Disease and Medicine

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How do we know about early mediæval disease and medicine?

To be written, including - leechbooks and herbals, mentions of illnesses and causes of death in chronicles/sagas, skeletal remains, privy archaeology.

What might a medical kit contain?

For playing an Anglo-Saxon nun, I (Freya) put together a collection of things that she might have used for treating common complaints. There's opium poppy seeds for general aches and pains, toothache etc.; fennel and dill for digestive complaints and assorted other things (they crop up a lot in Anglo-Saxon remedies); pennyroyal for speeding up a long labour (or perhaps getting young ladies out of trouble); cumin for asthma, wheat flour and beeswax for making poultices and ointments; clean feathers for applying said unguents; linen for bandages and silk thread for stitching wounds. To go with this, I made a book containing several recipes from leechbooks.

How well did remedies work?

This probably varies! Firstly, the fact that many remedies include the recital of a charm or a prayer speaks volumes about the likely success rate. It can be very hard to judge how well a medicine may have worked, especially as the specific ingredients or preparation methods can be unclear. A Saxon remedy for supporating and presumably infected wounds includes several ingredients known to have antimicrobial effects (honey, garlic, possibly copper salts leached form a brass pot) showed remarkable efficacy against MRSA in a recent study by the AncientBiotics group at the University of Nottingham (previous efforts were however less successful Brennessel, Drout & Gravel, Anglo-Saxon England 34:183). Other medicaments might have actually worked too: one Saxon remedy for anaemia involves quenching a red-hot iron poker in vinegar or wine and then drinking the liquid - which would contain iron salts - and pennyroyal (used to help with a long labour or to speed up delivery of the placenta) is indeed a powerful abortifacient.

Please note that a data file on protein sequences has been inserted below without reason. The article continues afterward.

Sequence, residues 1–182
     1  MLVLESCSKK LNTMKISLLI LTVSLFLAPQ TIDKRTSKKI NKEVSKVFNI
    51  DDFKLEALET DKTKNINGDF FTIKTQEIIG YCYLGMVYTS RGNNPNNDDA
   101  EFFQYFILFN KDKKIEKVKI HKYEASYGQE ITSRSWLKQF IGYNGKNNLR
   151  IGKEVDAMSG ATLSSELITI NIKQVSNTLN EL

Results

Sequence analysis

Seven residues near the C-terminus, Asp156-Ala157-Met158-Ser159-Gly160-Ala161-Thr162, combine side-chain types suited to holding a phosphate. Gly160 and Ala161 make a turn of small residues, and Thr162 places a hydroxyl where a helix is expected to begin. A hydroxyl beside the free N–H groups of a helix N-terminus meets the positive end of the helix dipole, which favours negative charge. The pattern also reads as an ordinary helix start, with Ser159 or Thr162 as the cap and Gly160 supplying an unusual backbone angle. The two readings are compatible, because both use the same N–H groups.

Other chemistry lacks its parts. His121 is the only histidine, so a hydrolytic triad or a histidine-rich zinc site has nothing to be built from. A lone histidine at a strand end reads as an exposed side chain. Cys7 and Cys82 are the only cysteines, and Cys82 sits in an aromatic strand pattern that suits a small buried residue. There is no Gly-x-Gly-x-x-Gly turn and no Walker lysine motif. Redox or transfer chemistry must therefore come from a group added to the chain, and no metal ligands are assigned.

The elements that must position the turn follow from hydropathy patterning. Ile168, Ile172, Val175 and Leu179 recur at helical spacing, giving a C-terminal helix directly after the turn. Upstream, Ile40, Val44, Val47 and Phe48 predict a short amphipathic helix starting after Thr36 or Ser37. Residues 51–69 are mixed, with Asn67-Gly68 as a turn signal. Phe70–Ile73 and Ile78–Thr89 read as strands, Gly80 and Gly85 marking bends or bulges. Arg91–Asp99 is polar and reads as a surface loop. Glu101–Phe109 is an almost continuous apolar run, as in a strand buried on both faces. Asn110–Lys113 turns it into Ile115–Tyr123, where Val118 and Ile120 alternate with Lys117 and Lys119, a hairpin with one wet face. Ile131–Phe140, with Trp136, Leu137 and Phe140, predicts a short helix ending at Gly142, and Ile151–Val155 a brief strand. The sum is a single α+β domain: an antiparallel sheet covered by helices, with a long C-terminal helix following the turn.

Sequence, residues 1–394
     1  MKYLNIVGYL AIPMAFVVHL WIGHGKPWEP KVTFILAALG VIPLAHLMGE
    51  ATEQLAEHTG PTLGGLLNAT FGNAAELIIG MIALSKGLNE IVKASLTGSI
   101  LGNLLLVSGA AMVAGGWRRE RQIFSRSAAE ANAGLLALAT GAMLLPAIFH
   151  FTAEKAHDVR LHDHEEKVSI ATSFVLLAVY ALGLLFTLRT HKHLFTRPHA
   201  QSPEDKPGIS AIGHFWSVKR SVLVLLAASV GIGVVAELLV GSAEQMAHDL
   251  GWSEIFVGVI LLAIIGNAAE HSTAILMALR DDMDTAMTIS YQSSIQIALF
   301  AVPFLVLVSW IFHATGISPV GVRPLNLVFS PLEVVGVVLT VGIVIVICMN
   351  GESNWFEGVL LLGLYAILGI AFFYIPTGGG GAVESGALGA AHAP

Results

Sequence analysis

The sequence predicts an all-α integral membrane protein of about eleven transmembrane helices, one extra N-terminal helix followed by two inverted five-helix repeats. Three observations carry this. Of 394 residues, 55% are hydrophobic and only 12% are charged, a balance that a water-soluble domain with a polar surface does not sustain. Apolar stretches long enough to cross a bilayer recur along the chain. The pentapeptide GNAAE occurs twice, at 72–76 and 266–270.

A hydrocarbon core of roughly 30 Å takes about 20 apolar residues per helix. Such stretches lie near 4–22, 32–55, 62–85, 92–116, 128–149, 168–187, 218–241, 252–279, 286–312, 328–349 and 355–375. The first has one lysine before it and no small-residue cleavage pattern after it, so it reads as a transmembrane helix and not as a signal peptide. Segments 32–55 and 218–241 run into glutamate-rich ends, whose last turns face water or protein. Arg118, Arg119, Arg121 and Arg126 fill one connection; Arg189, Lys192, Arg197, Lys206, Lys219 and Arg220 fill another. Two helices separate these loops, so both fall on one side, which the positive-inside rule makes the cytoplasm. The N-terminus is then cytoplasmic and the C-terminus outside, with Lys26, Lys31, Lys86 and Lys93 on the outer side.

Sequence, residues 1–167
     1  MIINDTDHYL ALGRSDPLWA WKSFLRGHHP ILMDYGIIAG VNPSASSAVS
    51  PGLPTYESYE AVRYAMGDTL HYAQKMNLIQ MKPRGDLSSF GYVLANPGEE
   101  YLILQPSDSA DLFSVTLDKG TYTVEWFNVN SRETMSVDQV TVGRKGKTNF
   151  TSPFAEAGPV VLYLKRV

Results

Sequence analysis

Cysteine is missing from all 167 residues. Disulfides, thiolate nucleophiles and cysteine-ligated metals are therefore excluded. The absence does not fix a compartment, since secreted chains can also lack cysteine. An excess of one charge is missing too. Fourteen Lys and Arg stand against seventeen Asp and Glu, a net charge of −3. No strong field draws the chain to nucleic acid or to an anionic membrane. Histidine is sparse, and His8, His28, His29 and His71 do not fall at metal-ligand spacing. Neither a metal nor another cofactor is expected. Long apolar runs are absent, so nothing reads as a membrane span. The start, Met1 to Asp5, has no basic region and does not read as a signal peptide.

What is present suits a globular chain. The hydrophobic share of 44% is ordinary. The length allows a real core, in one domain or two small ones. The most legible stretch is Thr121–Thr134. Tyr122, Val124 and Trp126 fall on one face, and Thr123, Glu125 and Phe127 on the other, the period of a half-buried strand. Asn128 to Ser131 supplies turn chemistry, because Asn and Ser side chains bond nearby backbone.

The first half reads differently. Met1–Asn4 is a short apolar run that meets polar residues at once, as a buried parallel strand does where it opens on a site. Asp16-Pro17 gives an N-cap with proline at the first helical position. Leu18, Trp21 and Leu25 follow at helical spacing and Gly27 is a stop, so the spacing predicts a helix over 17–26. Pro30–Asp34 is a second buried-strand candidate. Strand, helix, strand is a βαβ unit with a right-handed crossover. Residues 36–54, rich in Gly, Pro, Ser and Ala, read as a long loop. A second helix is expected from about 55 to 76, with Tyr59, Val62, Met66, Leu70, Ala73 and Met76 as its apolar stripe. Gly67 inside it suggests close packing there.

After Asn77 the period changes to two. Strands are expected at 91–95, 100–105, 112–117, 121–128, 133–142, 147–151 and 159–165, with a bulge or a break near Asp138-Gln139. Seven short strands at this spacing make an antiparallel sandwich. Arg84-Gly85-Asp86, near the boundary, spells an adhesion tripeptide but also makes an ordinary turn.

The first must-read book for an introduction to Anglo-Saxon medicine is undoubtedly Steven Pollington's Leechcraft: Early English Charms, Plantlore and Healing, which includes full original texts and translations of Bald's Leechbook, the Lacnunga Manuscript and The Old English Herbarium, as well as an alphabetical list of plants and medical materials that's been fully cross-referenced with the source material. M L Cameron's Anglo-Saxon Medicine is a more scholarly tome that places Anglo-Saxon medical practice in the more general context of traditional North European and Classical medical traditions. It's available as a free ebook here.


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